Are You Struggling With Insomnia?
Karla Robinson, MD
With so much debate surrounding the trial of Dr. Conrad Murray, and the death of Michael Jackson, it has really brought to light a common problem affecting many people each night-insomnia. Insomnia is defined as difficulty falling asleep or staying asleep as evidenced by either frequent or early awakenings. The sleep disruption has to occur despite having adequate time and opportunities to sleep to qualify as insomnia. This condition is by no means rare, as it is estimated that almost 50% of Americans report having experienced insomnia at some point in their lives. Approximately 20% of people report it as chronic or ongoing.
Insomnia can be classified as either primary or secondary. Primary insomnia is an inability to sleep due to an actual sleep disorder. This can be caused by prolonged stress or an imbalance in the sleep-wake cycle. Primary insomnia actually accounts for very few cases of the inability to maintain a good night’s rest. Over 80% of insomnia cases are secondary, in which the sleep disturbance is the result of another condition or illness and is not a sleep disorder on its own. Most often this form of insomnia is caused by chronic medical problems, mental health disorders, medicines, drugs, and stimulants.
The effects of insomnia are not only a poor quality sleep leading to fatigue, poor attention, lack of concentration, motivation, and decreased functioning during the daytime or waking hours, but also significant physical effects. Studies have shown a link between insomnia and high blood pressure, depression, anxiety, and heart disease.
Treatment of insomnia is dependent on the type and severity of symptoms. Secondary insomnia can often time resolve on its own after correcting the cause. In the instance of medication induced insomnia, once the offending medication is either discontinued or switched, the symptoms of insomnia disappear and a normal sleep pattern can resume. If medical problems such as a thyroid disorder or bipolar disorder are responsible for the sleepless nights, once the conditions are treated, the symptoms of insomnia improve.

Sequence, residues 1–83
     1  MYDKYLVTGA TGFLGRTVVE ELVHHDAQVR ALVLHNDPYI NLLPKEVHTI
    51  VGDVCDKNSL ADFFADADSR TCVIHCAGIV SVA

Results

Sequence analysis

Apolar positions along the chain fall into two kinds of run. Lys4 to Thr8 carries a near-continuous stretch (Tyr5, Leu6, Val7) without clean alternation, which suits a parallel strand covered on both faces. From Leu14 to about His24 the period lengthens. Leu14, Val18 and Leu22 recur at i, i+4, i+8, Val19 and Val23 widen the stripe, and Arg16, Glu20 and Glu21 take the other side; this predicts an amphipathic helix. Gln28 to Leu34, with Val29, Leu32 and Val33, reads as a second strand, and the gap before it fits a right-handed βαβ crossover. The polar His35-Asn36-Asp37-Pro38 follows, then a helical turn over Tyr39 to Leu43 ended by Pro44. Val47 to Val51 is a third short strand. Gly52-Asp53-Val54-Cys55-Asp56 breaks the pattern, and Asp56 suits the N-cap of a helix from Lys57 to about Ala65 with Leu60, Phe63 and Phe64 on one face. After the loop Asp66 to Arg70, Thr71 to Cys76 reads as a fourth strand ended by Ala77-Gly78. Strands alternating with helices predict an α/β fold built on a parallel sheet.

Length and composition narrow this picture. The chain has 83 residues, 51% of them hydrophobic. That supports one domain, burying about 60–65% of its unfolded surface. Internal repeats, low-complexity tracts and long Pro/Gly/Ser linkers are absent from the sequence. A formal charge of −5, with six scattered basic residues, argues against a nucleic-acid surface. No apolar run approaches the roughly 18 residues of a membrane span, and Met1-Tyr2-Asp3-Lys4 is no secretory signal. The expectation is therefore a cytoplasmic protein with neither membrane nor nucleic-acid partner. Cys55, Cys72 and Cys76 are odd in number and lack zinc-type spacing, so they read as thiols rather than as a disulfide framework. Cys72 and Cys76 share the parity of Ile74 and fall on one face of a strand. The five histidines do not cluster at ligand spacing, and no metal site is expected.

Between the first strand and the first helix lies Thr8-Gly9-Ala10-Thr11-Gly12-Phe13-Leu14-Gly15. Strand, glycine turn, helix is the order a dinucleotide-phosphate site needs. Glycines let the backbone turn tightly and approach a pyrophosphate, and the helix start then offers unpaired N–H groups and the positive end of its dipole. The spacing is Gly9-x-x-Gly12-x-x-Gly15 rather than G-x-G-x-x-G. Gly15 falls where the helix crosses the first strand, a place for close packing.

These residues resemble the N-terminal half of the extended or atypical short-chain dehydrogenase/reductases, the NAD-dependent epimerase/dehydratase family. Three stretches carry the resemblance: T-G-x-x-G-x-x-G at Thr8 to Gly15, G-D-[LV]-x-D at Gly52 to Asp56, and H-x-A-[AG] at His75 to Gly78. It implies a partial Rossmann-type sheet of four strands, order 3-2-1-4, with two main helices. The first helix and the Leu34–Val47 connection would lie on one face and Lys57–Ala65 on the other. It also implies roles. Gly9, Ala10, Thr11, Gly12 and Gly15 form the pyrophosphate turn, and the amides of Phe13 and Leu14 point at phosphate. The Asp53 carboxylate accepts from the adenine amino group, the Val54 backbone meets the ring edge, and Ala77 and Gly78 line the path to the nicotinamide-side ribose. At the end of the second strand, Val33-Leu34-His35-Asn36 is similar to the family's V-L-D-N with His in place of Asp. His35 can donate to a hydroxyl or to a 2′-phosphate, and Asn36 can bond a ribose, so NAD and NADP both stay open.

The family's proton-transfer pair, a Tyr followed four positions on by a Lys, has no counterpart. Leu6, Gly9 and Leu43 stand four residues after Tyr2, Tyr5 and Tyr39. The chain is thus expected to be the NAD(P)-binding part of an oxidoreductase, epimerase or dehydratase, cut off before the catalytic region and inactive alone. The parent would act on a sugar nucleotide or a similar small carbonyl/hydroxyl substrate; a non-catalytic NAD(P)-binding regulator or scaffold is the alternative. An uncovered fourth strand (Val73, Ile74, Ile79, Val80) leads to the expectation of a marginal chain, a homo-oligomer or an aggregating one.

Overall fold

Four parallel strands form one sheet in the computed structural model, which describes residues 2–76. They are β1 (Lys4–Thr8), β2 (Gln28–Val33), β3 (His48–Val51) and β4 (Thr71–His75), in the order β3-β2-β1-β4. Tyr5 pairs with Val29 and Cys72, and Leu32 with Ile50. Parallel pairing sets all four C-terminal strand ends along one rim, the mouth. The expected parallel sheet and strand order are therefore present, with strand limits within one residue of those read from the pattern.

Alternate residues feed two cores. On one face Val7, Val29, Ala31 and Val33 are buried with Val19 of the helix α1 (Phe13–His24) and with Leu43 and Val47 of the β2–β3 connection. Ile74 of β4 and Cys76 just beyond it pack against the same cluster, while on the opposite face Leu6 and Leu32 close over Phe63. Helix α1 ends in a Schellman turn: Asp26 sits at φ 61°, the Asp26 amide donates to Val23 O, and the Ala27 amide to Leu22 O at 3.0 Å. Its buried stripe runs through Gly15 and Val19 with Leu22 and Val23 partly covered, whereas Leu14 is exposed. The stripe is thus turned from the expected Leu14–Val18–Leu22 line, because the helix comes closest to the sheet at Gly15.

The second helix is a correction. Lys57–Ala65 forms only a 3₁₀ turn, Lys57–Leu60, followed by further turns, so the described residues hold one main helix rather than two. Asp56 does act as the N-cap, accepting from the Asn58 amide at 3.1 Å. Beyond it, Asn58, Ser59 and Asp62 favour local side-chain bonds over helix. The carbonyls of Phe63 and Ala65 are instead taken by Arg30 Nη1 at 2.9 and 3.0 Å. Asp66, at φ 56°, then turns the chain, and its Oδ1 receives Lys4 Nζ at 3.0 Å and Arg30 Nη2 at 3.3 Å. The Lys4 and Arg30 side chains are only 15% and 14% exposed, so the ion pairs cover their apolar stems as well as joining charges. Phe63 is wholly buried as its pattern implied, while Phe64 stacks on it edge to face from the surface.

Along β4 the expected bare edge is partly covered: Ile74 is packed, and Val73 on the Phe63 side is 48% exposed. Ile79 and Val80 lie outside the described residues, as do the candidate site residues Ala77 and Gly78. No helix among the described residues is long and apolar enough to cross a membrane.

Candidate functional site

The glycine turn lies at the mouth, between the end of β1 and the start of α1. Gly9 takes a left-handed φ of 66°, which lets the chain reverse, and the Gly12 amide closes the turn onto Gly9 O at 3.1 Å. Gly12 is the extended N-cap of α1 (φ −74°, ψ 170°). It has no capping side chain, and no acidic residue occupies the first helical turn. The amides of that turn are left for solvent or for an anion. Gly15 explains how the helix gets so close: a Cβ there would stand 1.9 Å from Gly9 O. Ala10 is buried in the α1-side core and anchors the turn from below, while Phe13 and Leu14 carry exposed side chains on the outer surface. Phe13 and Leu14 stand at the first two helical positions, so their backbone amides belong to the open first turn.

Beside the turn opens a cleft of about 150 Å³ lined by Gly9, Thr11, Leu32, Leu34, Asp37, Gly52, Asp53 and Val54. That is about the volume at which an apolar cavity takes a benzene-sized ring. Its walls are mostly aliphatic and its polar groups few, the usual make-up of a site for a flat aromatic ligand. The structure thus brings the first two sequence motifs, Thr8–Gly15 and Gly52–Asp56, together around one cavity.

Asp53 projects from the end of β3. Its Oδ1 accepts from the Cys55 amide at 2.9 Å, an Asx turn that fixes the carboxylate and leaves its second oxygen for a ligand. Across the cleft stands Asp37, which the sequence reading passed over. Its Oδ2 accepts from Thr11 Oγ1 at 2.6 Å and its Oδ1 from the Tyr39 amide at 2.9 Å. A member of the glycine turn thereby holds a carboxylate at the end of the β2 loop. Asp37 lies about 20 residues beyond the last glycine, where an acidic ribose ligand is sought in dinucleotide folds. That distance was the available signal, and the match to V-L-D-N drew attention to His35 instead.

A good place to start with treating the symptoms of insomnia is addressing sleep hygiene. Sleep hygiene often refers to the habits and conditions surrounding the sleep environment
that contribute to the overall sleep experience. It is vitally important to make sure that the
conditions are ripe for a full night’s sleep. Bedtime distractions can often be blamed for losing quality sleeping hours. Eating, doing work, reading, or watching television in bed can all detract from a peaceful sleeping environment. It is best to limit the bedroom to sleeping, in an effort to “train” your body to want to go to sleep when entering the room. It is also important to maintain a regular sleep schedule throughout the week. Even if the weekend schedule permits for “sleeping in” or frequent napping, resist the urge and maintain a regular routine for sleeping and waking.
Avoiding things that are known to stimulate the body such as vigorous exercise, caffeine, and alcohol right before bed can also help promote good sleep hygiene. While often used by those experiencing insomnia as a sleep aid, alcohol use at night leads to frequent awakenings at night and prolongs the symptoms of insomnia. In addition to the type of beverage being a factor, it is best to avoid food and beverages just prior to bed in general, as to limit the need for nighttime arousal due to bathroom breaks.
There are times where medication may be needed to help in the treatment of insomnia, particularly in cases of primary insomnia. Treatment is typically short-term as to limit
the abuse potential of the sleep aids and to maximize effectiveness. As with any medications, the risk of side effects such as residual impairment, amnesia, and respiratory depression may limit their use. Goals for medication use generally range from 2-4 weeks, although each case is assessed individually.
Insomnia is a problem preventing many people from experiencing a restorative sleep each night. It can unfortunately lead to a significant decrease in overall productivity, lost wages, preventable accidents, and a decreased quality of life. If you are experiencing difficulty achieving a restful sleep, speak with your physician to discuss ways to improve the amount and the quality of sleep you are getting each night.